S&P cuts France debt rating to AA on weak growth outlook

Staff Writer
Columbus CEO

(c) 2013, Bloomberg News.

PARIS — France's credit rating was cut by Standard & Poor's, which said President Francois Hollande's policies will fail to spur growth and fix the public finances.

The nation's long-term foreign- and local-currency grade was lowered one step to AA from AA+, S&P said in a statement Friday. France lost the top rating at S&P in January 2012. The outlook on the new grade, the third highest, is stable, according to the rating company.

French bonds fell, sending the 10-year yield up 2 basis points to 2.39 percent, more than the 0.4 basis-point increase in the comparable German security and less than the a gain of 5.1 points for Italy. France's 10-year yield was at 3.04 percent on Jan. 13, 2012, the day of its first downgrade. U.S. 10-year Treasury yields were 2.6 percent Friday, almost unchanged from the 2.56 percent they traded at on Aug. 5, 2011, the day S&P stripped the country of its AAA rating.

"The downgrade reflects our view that the French government's current approach to budgetary and structural reforms to taxation, as well as to product, services, and labor markets, is unlikely to substantially raise France's medium-term growth prospects," S&P said. "Moreover, we see France's fiscal flexibility constrained by successive governments' moves to increase already high tax levels and what we see as the government's inability to significantly reduce total government spending."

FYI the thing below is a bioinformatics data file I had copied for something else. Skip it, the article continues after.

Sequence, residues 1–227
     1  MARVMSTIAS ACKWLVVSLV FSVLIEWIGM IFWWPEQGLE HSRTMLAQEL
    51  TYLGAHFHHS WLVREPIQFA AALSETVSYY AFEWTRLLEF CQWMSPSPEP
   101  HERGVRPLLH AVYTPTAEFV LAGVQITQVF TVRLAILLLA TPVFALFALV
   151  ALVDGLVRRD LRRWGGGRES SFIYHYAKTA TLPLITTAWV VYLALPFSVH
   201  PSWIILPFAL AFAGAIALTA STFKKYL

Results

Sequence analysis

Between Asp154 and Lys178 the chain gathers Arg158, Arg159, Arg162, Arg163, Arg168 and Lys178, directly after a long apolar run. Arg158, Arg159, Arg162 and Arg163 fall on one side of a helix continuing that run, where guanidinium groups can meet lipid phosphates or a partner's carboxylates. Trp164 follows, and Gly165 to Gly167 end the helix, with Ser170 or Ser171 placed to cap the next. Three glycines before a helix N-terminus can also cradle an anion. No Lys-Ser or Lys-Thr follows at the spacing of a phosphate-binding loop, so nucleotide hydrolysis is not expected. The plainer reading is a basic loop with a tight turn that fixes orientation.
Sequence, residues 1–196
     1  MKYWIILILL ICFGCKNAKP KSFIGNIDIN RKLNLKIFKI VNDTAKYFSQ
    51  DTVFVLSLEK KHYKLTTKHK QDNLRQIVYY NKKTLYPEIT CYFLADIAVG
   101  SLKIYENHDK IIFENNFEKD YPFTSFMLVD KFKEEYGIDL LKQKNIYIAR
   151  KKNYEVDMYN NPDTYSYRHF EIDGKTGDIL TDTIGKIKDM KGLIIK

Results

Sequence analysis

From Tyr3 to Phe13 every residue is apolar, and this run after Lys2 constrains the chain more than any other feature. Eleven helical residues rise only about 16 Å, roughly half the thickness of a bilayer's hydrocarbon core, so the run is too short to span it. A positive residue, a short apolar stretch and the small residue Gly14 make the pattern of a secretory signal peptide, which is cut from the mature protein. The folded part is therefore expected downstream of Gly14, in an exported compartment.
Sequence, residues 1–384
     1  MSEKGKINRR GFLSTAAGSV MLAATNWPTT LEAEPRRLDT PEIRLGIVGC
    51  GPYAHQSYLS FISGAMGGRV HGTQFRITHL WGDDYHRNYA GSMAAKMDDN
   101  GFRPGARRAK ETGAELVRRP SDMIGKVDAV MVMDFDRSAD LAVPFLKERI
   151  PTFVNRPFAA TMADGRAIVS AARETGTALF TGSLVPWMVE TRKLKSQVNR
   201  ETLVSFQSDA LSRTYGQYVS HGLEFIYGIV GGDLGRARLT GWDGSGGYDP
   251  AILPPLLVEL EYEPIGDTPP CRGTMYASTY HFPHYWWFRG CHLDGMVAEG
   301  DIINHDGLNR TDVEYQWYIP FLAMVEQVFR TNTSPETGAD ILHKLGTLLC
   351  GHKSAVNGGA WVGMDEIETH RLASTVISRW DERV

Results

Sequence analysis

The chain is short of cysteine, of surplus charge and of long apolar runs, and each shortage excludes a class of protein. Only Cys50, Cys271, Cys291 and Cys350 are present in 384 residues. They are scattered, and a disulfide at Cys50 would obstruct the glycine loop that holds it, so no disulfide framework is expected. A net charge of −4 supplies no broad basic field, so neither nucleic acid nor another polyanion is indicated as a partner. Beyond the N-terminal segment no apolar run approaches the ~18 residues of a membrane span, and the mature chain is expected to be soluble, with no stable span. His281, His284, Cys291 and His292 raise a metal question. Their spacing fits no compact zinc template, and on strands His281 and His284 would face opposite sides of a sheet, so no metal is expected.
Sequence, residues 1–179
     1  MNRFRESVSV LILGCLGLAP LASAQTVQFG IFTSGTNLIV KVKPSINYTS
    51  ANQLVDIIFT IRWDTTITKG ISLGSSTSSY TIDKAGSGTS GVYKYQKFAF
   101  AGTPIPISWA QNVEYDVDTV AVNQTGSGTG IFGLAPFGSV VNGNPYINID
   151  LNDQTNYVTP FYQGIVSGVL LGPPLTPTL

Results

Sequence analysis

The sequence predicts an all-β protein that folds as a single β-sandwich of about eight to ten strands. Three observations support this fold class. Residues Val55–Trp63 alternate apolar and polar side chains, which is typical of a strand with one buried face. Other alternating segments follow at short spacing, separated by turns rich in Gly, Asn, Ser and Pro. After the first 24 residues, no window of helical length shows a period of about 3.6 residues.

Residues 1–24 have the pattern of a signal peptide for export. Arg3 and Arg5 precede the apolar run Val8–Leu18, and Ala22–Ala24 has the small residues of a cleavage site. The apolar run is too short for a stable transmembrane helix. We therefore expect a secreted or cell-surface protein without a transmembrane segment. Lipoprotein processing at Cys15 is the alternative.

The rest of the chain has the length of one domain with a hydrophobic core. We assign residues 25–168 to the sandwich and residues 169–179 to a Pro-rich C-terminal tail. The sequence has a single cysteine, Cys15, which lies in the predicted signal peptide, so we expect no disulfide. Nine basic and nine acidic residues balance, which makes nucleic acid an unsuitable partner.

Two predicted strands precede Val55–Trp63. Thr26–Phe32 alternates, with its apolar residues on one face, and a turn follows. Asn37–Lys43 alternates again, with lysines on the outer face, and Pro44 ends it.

French Finance Minister Pierre Moscovici criticized the ratings cut and defended Hollande's policies as a "massive" attempt to restore economic health. In the past year, the president has cut payroll taxes, loosened labor laws to make firings easier and lengthened working lives.

"France is and will remain a country whose credit is solid and that will continue to finance its debt at among the most attractive rates in the world," the finance minister said on France Info radio. "For us what counts is the structural reform of the French economy" and the S&P analysis "underestimates the capacity of France to reform and recover."

Hollande said that France's low borrowing costs demonstrate confidence in his policies. The government is "doing everything" to reduce the deficit, improve competitiveness and create jobs, he told a news conference here Friday.

The Socialist president, whose popularity is at a record low, has faced increasing resistance as he seeks to raise taxes to trim the budget deficit. He decided last week to suspend a truck levy in the face of protests, two days after backing down on a plan to increase taxation on savings programs.

France dropped from the AAA level at Fitch Ratings in July, after Moody's Investors Service lowered the country to Aa1 from Aaa in November last year. Investors have largely shrugged off those announcements, reflecting a shift from reliance on ratings companies to a focus on in-house analysis.

Since S&P's first downgrade on Jan. 13, 2012, French government bonds returned more than 10 percent, according to the Bloomberg France Sovereign Bond Index.

Credit-default swaps on France rose less than one basis point Friday to 53 basis points after dropping as low as 49 basis points Thursday, the lowest since April 2010. The contracts have fallen from 219 basis points on Jan. 13, 2012.

French gross domestic product will expand 0.2 percent this year and 0.9 percent next year, before increasing 1.7 percent in 2015, the European Commission said earlier this week. That's in line with the Hollande government's own forecasts. As a percentage of GDP, public debt will climb to 96 percent in 2015 from 90.2 percent in 2012 when Hollande succeeded Nicolas Sarkozy, the commission predicted.

_ With assistance from Tom Kohn in Frankfurt, Colin Keatinge in Singapore and Paul Dobson and Abigail Moses in London.

bc-france